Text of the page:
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A Comparison of Growth and Stand Structural Characteristics in Pure- and Mixed-Family Stands of Loblolly Pine

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Planting a mixture of genotypes in pure species stands has been proposed as a method to mimic advantages associated with mixed-species plantings. Stand-level volume differences between mixed-family and half-sib pure-family plantings, representing divergent ideotypes, were assessed across three spacings in a 21-year-old loblolly pine (Pinus taeda L.) stand. Stand-level volume and individual dbh, height, and stem volume distributions were compared between the pure-family planting and the mixed-family planting. In addition, stand dynamic changes in the mixed-family planting were examined. Overall, no differences in pure-family and mixed-family plantings existed, whereas the two best pure families outperformed the mixed planting by 12% volume at age 21. The two best families have a unique complement of attributes, indicating a production ideotype. The volume differences appear to be due to greater competition causing a bimodal-like growth distribution in individual traits. The dynamics of the mixed-family planting increasingly mimicked single pure-family plots, although stand development was not accelerated to the extent observed in the pure-family plots. Hence, pure-family loblolly pine stand volume was maximized through selection and planting of a few best performing families.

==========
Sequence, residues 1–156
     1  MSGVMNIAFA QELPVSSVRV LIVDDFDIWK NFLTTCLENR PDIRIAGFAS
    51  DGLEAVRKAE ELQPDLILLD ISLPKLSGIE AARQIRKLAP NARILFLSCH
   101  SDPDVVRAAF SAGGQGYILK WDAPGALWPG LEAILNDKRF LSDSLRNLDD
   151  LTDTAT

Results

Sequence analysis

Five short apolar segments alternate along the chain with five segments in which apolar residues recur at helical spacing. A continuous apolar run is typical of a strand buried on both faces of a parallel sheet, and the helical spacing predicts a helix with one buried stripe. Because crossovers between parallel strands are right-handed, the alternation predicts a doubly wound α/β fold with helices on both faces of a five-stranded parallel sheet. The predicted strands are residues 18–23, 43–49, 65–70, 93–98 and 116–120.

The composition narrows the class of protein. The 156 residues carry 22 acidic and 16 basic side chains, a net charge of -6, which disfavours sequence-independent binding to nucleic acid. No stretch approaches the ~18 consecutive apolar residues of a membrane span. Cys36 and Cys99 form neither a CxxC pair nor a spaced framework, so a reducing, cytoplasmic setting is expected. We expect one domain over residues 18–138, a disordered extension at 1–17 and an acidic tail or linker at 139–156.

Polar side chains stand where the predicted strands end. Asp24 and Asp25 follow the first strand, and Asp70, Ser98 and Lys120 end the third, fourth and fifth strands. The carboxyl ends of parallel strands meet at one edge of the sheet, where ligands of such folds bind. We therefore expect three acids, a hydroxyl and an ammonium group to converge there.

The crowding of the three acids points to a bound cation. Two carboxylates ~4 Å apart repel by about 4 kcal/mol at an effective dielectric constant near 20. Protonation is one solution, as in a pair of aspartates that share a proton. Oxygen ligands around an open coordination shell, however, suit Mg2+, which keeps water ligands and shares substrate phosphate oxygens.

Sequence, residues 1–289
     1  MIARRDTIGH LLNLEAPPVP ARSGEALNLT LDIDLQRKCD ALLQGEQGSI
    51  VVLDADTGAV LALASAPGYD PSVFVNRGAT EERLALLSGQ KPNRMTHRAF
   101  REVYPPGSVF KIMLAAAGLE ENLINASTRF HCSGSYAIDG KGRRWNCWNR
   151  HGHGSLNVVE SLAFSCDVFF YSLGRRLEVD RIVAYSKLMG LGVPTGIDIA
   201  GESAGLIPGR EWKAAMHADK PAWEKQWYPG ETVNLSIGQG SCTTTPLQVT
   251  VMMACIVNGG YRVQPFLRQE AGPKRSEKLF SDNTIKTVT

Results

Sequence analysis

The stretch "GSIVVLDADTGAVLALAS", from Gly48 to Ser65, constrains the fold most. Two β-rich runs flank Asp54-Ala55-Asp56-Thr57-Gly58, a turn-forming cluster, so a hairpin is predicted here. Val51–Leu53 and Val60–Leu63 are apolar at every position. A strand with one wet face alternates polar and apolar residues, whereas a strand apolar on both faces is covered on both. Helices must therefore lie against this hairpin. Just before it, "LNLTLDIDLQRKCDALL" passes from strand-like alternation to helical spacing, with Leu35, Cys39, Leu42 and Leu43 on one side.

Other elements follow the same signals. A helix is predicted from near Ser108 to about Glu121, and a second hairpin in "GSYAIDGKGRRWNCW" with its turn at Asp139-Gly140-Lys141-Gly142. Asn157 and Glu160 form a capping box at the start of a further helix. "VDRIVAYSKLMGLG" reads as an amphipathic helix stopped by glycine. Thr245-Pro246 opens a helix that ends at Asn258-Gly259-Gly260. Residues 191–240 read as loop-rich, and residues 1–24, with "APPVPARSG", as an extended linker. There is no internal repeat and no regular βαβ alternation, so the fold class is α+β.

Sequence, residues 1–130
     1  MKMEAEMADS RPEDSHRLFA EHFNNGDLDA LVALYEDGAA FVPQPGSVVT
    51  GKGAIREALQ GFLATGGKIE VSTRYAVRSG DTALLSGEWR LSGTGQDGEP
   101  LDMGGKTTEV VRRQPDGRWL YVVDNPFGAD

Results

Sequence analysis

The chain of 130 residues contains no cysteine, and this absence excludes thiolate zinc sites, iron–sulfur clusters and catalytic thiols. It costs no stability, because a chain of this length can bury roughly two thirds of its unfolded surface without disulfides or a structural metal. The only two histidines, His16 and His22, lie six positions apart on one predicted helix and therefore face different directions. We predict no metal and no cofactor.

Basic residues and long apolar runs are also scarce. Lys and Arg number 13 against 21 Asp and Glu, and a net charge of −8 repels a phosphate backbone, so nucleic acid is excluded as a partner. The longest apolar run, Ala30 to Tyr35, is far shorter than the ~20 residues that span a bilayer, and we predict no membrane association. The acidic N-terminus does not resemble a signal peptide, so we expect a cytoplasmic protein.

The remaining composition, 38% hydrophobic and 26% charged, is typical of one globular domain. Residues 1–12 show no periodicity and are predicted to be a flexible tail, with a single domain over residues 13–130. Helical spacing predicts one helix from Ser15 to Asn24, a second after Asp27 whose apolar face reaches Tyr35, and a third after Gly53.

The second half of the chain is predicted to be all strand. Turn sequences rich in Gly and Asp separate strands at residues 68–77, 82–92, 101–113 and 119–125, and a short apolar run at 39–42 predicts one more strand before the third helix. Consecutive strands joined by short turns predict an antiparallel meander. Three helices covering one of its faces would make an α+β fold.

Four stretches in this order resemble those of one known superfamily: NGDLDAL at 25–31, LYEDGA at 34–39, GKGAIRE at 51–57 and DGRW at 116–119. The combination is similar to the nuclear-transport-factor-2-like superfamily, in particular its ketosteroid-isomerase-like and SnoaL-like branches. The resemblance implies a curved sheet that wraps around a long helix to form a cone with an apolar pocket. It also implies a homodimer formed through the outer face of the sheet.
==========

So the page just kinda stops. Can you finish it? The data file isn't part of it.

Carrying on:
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Keywords: field deployment; ideotype; loblolly pine; stand dynamics

Document Type: Research Article

Publication date: 2013-04-16

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  • Forest Science is a peer-reviewed journal publishing fundamental and applied research that explores all aspects of natural and social sciences as they apply to the function and management of the forested ecosystems of the world. Topics include silviculture, forest management, biometrics, economics, entomology & pathology, fire & fuels management, forest ecology, genetics & tree improvement, geospatial technologies, harvesting & utilization, landscape ecology, operations research, forest policy, physiology, recreation, social sciences, soils & hydrology, and wildlife management.
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    June 1, 2016 to Feb. 28, 2017

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